Historical novels about famous people from science are currently booming. Just think of Gauss and Alexander von Humboldt. Unlike the author of a research paper, which must come up with solid facts, the novelist enjoys considerable freedom. He does not have to be so precise with the scientific-historical data. But that is not a reproach. The artistic freedom, however, leaves a lot of room for personal feelings, events and settings. Of course, not everything should be fictitious, the essential statements have to be correct. So does the author have it easier here than in a scientific paper?
Probably not, as he ventures into an area that is closely monitored by literary critics. Not (only) specialist knowledge is required here, but full-fledged prose. You have to be able to invent and tell stories. A clear contrast to a specialist publication that is subject to a strict scheme. Nevertheless, the plot should be structured logically, like in a screenplay, and presented in a linguistically sophisticated way. Not only a rich vocabulary but above all creativity and literary skills are required - certainly not for everyone.
Thomas Bührke, coming from the scientific world, ventures a trip into fiction with his latest work "Aristarch von Samos". To say it in advance: The result is successful - as far as the reviewer, as a member of the first-mentioned world, can judge at all (one can indeed be curious about the reactions of the arts pages).
The main character is Aristarchus of Samos; many may only associate the name with a lunar crater. Few know that the Greek astronomer was probably the first to put the sun at the center of the planetary system - about 1800 years before Copernicus! Apparently, this revolutionary worldview has not caught on. If the opposite were the case, where would we be today?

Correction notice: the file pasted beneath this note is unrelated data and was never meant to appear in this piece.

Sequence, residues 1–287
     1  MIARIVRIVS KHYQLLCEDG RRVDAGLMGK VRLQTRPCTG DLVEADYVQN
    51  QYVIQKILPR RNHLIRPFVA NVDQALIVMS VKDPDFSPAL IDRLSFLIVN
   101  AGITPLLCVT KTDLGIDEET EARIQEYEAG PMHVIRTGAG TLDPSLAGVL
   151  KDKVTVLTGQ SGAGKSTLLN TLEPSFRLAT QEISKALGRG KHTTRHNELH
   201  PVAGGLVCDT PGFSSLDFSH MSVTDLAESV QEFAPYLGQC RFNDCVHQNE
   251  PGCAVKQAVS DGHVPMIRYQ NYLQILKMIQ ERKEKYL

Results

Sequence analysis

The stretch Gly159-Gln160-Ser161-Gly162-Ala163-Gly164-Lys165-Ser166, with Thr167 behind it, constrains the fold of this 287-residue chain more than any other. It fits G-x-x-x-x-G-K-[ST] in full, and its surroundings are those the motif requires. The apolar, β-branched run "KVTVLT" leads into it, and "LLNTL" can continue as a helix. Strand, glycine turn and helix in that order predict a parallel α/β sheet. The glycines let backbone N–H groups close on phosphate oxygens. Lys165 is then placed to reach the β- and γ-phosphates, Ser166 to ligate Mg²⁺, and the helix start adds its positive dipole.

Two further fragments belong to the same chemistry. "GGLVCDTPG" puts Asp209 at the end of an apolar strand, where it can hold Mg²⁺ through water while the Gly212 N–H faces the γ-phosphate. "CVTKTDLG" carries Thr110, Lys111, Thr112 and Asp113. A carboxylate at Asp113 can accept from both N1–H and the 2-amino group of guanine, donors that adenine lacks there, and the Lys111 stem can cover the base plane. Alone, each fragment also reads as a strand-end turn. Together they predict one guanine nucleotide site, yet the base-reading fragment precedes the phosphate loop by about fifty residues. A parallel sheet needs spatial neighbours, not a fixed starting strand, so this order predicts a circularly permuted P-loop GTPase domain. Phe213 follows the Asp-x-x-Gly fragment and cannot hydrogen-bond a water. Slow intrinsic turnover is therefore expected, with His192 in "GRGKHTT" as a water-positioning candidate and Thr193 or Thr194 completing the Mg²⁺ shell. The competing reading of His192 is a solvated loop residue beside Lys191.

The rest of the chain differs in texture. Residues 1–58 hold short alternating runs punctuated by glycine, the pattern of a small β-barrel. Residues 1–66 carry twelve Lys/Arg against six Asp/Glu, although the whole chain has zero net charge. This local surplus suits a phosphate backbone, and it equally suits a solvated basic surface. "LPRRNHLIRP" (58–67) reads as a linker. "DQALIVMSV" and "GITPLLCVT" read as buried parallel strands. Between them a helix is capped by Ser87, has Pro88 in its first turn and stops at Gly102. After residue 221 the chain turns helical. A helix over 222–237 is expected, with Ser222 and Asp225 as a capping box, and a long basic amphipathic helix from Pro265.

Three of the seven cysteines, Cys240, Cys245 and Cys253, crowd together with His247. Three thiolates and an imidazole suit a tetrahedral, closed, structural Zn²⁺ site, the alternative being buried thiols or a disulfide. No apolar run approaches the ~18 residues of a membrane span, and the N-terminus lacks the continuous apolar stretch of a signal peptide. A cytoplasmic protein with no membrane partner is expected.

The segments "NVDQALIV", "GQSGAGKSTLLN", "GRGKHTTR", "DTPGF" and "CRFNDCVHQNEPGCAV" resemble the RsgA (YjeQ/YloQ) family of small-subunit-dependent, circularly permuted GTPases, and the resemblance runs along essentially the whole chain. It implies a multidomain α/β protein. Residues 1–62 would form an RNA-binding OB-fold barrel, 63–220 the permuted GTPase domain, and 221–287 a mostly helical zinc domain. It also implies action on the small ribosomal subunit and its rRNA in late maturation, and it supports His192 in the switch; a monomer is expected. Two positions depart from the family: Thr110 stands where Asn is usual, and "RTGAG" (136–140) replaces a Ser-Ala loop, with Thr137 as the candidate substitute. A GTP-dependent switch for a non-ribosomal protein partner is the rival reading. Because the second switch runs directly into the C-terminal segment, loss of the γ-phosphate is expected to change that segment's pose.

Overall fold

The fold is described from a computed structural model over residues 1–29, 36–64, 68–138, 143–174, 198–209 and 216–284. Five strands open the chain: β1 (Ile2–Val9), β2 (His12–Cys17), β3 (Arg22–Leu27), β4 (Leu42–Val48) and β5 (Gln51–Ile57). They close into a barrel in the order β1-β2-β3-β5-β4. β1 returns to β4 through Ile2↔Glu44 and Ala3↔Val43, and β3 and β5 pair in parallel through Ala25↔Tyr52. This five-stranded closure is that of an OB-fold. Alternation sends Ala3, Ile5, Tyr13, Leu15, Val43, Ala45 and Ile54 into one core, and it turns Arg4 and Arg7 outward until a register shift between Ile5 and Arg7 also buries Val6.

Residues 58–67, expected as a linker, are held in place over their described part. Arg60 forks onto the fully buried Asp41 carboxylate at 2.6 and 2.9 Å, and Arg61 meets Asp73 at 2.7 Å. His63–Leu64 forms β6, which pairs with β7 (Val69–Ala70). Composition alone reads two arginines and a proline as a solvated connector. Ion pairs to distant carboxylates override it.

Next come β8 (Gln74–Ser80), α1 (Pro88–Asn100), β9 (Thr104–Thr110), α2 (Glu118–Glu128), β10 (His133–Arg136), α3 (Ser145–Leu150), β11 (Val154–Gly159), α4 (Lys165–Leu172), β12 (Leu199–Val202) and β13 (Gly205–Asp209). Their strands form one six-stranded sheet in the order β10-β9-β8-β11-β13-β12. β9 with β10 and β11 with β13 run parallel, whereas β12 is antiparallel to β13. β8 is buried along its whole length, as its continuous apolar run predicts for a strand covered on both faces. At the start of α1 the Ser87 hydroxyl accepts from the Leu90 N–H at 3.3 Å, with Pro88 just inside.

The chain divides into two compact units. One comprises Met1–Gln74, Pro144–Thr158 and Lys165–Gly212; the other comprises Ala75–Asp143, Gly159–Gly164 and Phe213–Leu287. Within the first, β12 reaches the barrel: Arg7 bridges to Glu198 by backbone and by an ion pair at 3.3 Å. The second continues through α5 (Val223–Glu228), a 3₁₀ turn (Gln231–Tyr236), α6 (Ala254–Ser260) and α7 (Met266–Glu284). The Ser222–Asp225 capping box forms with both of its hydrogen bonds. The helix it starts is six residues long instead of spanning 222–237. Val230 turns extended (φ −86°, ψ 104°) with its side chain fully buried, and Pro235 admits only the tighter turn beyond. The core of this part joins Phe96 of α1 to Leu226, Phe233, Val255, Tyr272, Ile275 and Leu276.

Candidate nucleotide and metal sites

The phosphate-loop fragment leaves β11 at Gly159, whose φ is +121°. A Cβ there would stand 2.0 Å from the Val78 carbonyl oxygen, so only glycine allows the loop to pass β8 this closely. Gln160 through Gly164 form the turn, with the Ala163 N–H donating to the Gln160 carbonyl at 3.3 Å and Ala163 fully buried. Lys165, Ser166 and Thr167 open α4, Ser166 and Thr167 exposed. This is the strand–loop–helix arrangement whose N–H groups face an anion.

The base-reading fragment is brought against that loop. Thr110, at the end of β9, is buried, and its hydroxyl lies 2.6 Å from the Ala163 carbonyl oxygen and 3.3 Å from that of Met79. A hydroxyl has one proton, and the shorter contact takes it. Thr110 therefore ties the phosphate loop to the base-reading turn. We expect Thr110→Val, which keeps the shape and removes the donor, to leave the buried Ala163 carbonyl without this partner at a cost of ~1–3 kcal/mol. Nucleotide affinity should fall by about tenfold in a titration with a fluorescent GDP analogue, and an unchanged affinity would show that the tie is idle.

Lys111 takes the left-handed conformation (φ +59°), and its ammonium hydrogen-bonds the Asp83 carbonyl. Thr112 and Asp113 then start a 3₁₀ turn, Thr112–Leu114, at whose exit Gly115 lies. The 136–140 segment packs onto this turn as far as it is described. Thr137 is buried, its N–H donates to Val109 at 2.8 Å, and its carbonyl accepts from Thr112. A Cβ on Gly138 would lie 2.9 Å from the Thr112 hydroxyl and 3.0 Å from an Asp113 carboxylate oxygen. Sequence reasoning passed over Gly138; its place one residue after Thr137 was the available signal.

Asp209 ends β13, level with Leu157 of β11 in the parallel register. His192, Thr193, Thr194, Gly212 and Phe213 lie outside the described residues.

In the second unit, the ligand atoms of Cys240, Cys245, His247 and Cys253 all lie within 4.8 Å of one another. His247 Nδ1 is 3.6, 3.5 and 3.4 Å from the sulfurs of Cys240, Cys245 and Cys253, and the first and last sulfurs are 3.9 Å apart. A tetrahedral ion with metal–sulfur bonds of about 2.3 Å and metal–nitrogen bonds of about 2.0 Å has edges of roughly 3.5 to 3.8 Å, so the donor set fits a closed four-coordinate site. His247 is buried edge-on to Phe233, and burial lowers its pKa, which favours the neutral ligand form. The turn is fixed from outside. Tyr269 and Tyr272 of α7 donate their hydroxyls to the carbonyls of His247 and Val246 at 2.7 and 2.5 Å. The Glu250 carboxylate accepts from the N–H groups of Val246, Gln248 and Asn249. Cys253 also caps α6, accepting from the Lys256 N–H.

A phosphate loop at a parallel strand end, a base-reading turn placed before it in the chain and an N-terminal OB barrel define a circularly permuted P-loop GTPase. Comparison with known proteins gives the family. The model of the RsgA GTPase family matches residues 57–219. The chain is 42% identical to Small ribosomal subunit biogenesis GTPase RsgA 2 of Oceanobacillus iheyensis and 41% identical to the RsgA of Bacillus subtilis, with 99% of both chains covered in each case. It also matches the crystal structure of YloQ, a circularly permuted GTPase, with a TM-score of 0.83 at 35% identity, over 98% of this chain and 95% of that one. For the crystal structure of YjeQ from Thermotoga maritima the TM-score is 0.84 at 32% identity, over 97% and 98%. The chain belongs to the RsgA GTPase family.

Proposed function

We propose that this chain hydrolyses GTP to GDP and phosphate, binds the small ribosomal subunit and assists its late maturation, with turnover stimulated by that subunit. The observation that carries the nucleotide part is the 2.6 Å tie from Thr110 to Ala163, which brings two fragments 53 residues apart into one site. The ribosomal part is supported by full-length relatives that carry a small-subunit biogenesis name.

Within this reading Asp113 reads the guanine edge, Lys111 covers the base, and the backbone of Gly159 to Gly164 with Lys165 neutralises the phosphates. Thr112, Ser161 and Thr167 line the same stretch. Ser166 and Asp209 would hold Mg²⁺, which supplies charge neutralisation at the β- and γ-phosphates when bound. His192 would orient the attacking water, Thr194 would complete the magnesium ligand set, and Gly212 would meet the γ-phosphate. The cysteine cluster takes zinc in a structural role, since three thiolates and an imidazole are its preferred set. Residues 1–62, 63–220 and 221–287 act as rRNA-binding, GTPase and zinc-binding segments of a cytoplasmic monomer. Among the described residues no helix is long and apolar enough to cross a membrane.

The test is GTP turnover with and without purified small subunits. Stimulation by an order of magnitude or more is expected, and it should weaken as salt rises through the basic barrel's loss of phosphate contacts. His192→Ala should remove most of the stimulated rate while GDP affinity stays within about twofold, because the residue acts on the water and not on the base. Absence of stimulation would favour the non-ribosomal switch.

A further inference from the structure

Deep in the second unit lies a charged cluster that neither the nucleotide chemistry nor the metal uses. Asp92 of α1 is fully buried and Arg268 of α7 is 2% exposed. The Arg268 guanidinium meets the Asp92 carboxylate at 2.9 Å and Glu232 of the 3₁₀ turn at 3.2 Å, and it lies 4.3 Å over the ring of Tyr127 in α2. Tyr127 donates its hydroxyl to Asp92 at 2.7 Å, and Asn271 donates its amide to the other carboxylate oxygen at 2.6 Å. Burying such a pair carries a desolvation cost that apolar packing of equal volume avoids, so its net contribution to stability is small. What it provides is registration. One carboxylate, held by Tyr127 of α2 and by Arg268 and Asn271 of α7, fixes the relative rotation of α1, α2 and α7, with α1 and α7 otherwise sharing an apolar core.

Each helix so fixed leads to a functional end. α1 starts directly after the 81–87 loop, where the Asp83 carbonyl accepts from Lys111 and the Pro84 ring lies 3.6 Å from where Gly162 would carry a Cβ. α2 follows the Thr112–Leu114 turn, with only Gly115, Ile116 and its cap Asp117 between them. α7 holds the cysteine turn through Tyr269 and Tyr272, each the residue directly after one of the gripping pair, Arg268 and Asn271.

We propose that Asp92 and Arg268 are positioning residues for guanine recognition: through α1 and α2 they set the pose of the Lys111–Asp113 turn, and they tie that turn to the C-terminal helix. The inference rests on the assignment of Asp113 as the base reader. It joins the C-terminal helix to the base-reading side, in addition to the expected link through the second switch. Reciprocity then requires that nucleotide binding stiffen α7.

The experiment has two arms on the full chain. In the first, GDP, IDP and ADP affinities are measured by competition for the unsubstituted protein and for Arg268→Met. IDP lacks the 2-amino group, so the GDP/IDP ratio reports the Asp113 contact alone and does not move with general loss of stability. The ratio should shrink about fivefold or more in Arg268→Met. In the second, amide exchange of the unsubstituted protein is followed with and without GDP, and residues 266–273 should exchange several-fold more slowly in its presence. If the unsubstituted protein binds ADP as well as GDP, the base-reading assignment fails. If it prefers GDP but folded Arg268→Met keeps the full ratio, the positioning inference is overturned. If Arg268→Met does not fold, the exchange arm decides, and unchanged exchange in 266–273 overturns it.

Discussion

The author has shifted the scene to ancient Alexandria. The important port city on the Egyptian Mediterranean coast with its striking lighthouse "Pharos" was at the time of the action, which took place between 289 and 259 BC. BC plays, in Greek possession. The story told is largely fictitious, as is the appearance of well-known contemporaries such as Euclid, Timocharis, Archimedes or Straton. Artistic freedom allows for casual interaction in meaningful places - and this is used in fun ways. When reading, one quickly breaks free from the strict corset of the history of astronomy and takes part in the everyday life of the protagonists. It must have been something like that in the orbit of the famous (unfortunately later burned down) library of Alexandria.
There is no evidence that Aristarchus actually taught and researched there - but it is definitely a successful idea. From this, many stories develop about the scientific achievements of the ancient scholar, which are only partially historically secured: the determination of the spherical shape of the earth in Syene, mathematical contributions to Euclid's "Elements", the construction of a spherical sundial, the proven (very rough) determination distance from the sun and finally the heliocentric world view.
Especially with this final finding, the author speculates, because there are only indirect sources. Aristarchus's thesis, which means a drastic simplification of the canonical system with its complex spheres, is implemented in an exciting way and culminates in a fictitious disputation with Cleanthes of Assos, a representative of the classical, Aristotelian camp - an interesting parallel to the case of Galileo. The life of the Greek astronomer was at stake: if the new world view had been judged as heresy by the ruler of Alexandria, Ptolemy II, Aristarchus would probably have had to drink the poison-filled "hemlock cup".
Of course, love, suffering and resentment should not be missing in a novel - the reader is sufficiently served here. Loved ones, friends and envious people appear and enrich the story with verve. About 250 pages of the best entertainment came out. In addition to the vivid description of everyday life with its hierarchical structures, one gains interesting insights into Greek philosophy, mathematics, physics, astronomy and medicine.
The book is something for both natural scientists interested in literature and for novel readers with a penchant for the history of science. Thomas Bührke mastered the tightrope walk required in an amazingly professional manner. A book worth reading.